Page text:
Sunday, January 21, 2001

This piece from All Things Considered underscores among other things, how much weight is placed on the exams that Japanese students take before heading off to a university. The exams determine not only what university they'll be eligible or ineligible for, but for all practical purposes the students' performances on these exams will determine the kind of career that will or will not available to them, and let them know what kind of life will be open or closed to them. As I listened to the report I was reminded of the movie Gattaca in which individuals are assigned to various tiers (vocational and otherwise) in society based solely on their genetic pedigree. Happily it sounds as if educational reforms are on the way in Japan, just hope the Japanese don't take cues from the American public education system. Gattaca, by the way, is an excellent movie. I highly recommend it.

After reading my last blog some may think I've got something against Minnesotans. I really don't, but this monologue was too funny to pass up. Enjoy!

Friday, January 19, 2001

A gopher passed over for a penguin!

Leadership, accuracy, mobility, intelligence, poise, and an all out will to win, will more than make up for his lack of height.

This looks to be a promising new biography of Solzhenitsyn, that would serve well as an introduction to his life and thought.

Thursday, January 18, 2001

Hats off to the Washington University women's basketball team. Their amazing streak came to an end on Tuesday night. And, of course, congrtulations to the women's basketball team at Fontbonne College who were the stoppers!

Thursday, January 11, 2001

There appears to be a growing number of studies that suggest that moderate consumption of alcohol is actually good for you.

A modest amount of alcohol a day is good for the brain cells, according to a Japanese study that found moderate drinking can improve intelligence...The scientists also concluded that drinking alcohol excessively impaired intellectual ability.

Additional research shows that antioxidants in beer can reduce the risk of cataracts and heart disease. Researchers in Canada and the United States presented results at the 2000 International Chemical Congress of Pacific Basin Societies showing that beer, especially the darker ales and stouts, may reduce the incidence of atherosclerosis and cataracts by as much as 50%...At the University of Scranton, Vinson, a professor of chemistry, found that giving hamsters the human equivalent of two beers a day halved their rate of atherosclerosis. "This is a significant effect," he noted. "Beer has a fair amount of antioxidants compared to other beverages. There is a definite benefit from the antioxidants in the beer."

I have concluded from my own research that moderate consumption of Leinenkugel's produces a "significant effect" on the taste buds. (To get the full story on the studies quoted above check the Real Beer Page's News Section.)

Well, the Boilers beat the Badgers Wednesday night to avenge their loss to the Badgers in the Elite Eight in last year's NCAA tournament. An amazing statistic regarding their rivalry is that Wisconsin has not won a game at Purdue since 1972!! That amounts to 27 games. Too bad Purdue couldn't have played their NCAA tournament game against Wisconsin in West Lafayette ;-)

Wednesday, January 10, 2001


Tuesday, January 09, 2001

Look for the Boilermakers to beat No. 17 Wisconsin on Wednesday night. In preparation for the game they have mimicked the warriors in the movie Braveheart by donning war paint. We'll have to see if they come dressed for Wednesday night's game in kilts and then moon the Badgers at the opening tipoff ;-)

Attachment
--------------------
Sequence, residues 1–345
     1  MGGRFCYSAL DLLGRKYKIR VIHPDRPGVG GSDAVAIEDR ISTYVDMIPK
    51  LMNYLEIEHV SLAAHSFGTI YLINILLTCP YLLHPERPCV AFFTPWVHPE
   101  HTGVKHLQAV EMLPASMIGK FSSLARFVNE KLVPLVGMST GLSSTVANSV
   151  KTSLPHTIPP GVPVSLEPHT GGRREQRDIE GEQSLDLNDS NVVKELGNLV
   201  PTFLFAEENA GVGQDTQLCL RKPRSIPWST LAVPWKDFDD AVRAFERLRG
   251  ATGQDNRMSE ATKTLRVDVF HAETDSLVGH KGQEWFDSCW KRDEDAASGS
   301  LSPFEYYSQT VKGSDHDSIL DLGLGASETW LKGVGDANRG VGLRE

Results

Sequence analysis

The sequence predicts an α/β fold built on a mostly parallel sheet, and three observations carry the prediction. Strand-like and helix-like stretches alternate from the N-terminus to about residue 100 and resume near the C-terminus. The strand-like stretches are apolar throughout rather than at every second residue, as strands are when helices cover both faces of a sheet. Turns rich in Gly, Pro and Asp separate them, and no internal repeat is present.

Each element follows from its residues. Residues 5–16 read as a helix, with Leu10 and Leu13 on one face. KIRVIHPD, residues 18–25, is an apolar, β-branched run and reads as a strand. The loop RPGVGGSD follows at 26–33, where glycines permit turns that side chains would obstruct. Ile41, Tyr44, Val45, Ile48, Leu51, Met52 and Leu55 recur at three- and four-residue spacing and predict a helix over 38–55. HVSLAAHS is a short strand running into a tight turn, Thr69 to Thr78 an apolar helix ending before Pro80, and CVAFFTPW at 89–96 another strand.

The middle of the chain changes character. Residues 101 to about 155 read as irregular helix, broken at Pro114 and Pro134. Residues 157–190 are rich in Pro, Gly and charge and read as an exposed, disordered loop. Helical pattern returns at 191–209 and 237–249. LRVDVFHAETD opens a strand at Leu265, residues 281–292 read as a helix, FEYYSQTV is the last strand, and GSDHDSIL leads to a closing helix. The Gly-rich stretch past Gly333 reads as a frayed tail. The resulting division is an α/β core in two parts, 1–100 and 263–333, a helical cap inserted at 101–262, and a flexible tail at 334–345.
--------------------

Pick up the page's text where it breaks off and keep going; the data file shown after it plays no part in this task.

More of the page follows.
Monday, January 08, 2001

There's much that can be said, both good and bad, about Dr. Tony Campolo. But you can't say he's boring. This "paraphrase" of John 15:16 from a message that he delivered at the most recent CCDA conference did make me chuckle:

You wouldn't even believe in Jesus if it weren't for the Holy Spirit. I mean what are you gonna do on Judgment Day? Say, 'Lord, I considered the intellectual options that were available in the marketplace of ideas and after careful reflection, I considered that Christianity was the best existential.' He's gonna say, 'Shut up!' He gonna say, 'You didn't choose me, I chose you, sucker! I chose you! And it was my Spirit working in you that drove you to me...'

I thought Campolo's paraphrase was a fitting barb at Clark Pinnock-like hubris (no doubt many Arminians are better than this) that would have the LORD God almighty on the sidelines until we beckon for Him. Don't worry, I won't be abandoning Calvin for Campolo anytime soon, but I still thought this was funny.

Get your VCR's ready this is gonna be good! Thanks, Mr. Will for the heads up.

I voted for tattoos, what do you think?

Sunday, January 07, 2001

An unbelievable story and remarkable instance of God's providence.

Saturday, January 06, 2001

My beloved Boilermakers couldn't get the job done on 01/01/01, but I'm still an enthusiastic and optimistic fan. Coach Joe Tiller'sreign has not only resulted in 4 straight bowl appearances for Purdue, but has also had a huge impact on recruiting. Purdue is now competing for the very best players in the country...and in some cases getting them to wear the black and gold. Despite the departure of all-everything quarterback Drew Brees I don't think Purdue will slip very much, in fact, the more glaring absence will be on the O-line. Look for Purdue to remain competitive over the next few seasons, and look for them to get over the New Year's Day bowl hump next season.

Friday, January 05, 2001

In an interesting audio commentary recently on All Things Considered, Jonathan Krantz says that our architecture gives us away. He argues that our values bear themselves out in how we build things. Specifically he laments the shrinking, in both raw size and grandeur, of our public spaces (churches, town halls, libraries, etc.), and observes that while our public spaces are shrinking, our private spaces, namely our homes, are growing. This signals the triumph of the individual over the corporate or communal interest...our priorities are displayed for all to see in brick and mortar as we build our private monuments to ourselves.